Lithium: How Good is it?

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Many people worry that lithium is one of psychiatry’s “Big Guns”, something we use for patients with really severe mental illnesses.  They think, “Hey, I’m not that sick”, and conclude that lithium is not right for them.

They don’t know that lithium, in lower doses, is used in plain depression (not bipolar, not severe).  In fact, for depression that hasn’t fully responded to an antidepressant, lithium is a standard option for “augmentation”, adding it to the antidepressant.

But one of the strongest arguments for lithium is the way it appears to protect neurons.  So I wanted to show you the world’s expert on how lithium works, talking about this aspect of lithium’s potential benefits.  His full comments, on a range of topics, from his interview with a great bipolar advocacy organization, can be read on this link at the Child and Adolescent Bipolar Foundation (CABF).

Here are Dr. Manji’s comments about lithium (it’s a little technical; look for the few ideas I put in bold if you’re getting bogged down):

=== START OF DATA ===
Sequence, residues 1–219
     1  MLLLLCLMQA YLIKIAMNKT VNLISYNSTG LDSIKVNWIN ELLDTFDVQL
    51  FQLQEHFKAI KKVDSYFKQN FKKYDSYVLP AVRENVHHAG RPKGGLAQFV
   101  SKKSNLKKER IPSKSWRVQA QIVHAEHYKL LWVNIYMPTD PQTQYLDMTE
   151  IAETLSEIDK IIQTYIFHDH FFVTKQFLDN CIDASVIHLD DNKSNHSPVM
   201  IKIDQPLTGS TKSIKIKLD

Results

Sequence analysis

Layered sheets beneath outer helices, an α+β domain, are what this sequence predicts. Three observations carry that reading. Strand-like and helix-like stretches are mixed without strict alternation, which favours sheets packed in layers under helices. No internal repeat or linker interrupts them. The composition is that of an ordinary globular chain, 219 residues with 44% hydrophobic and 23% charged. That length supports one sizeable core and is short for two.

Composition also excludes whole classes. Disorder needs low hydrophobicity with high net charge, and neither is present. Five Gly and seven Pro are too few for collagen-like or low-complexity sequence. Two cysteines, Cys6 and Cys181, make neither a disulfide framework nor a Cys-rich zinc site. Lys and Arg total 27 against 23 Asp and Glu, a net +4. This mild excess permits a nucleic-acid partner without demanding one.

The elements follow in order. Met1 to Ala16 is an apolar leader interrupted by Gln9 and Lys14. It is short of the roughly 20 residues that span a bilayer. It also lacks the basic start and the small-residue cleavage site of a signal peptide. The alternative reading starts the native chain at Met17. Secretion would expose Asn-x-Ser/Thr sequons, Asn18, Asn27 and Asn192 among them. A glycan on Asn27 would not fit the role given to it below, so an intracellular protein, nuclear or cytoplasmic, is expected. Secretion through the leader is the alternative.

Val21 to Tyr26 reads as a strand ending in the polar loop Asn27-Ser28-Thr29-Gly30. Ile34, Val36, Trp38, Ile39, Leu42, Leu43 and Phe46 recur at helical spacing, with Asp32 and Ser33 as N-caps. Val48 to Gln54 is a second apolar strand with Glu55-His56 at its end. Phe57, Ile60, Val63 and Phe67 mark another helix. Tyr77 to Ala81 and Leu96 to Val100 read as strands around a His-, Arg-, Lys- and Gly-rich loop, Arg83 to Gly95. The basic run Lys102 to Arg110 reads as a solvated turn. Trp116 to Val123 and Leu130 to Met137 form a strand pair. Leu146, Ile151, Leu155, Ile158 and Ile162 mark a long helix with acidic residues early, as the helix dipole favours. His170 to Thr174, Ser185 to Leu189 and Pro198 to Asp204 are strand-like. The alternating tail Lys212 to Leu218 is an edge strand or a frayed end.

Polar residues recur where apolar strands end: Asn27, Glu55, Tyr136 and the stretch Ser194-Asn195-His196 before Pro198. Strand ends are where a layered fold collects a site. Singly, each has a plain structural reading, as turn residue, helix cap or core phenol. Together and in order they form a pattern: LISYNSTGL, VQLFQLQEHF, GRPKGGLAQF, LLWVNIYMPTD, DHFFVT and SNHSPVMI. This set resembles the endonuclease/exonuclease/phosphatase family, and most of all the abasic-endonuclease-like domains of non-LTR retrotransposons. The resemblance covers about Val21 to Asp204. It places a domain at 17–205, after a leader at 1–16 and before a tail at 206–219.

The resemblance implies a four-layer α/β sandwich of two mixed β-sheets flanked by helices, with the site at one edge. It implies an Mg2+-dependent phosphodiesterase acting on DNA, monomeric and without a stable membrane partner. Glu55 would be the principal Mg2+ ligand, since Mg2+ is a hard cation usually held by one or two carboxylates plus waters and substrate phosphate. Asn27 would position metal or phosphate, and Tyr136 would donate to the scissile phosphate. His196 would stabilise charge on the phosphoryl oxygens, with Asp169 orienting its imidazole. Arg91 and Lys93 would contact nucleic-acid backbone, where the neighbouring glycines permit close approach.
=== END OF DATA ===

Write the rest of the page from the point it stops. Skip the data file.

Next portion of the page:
CABF: Speaking of lithium, your research has uncovered some of its intriguing beneficial properties. Can you highlight the most important ones?

MANJI: Many of the genes that are considered neuroprotective [keep brain cells from dying when stressed] are being remarkably turned on by lithium. Is lithium actually neuroprotective? We hadn’t thought this way before. A number of studies have taken animal cells and tried to kill them by causing stroke, etc. These studies have consistently shown that lithium, if administered before you try to do the bad things (such as induce a stroke),protects the animal’s neurons. In lithium-treated brains, the size of the resulting stroke is smaller, the number of neurons that die is lower, etc. That was amazing. Since these studies were done in rats, you need to be careful about jumping to conclusions that lithium is neuroprotective in people.

Wayne Drevets’ group published a finding in Nature about five years ago that in a part of the pre-frontal cortex of bipolar patients or patients with familial recurring unipolar depression, there was almost a 40% reduction in the amount of gray matter. That was a remarkable finding that you have such a reduction in a discrete part of brain. We spoke to him about our lithium findings and asked him to reanalyze the data. He had a small group of patients who had been treated with lithium for a long time and they did not show the brain atrophy compared with the bipolar patients. Interestingly all of the patients with unipolar depression, whether or not they had been treated with antidepressants, still showed the atrophy. That was a suggestion that bipolar treatments might have a protective effect.


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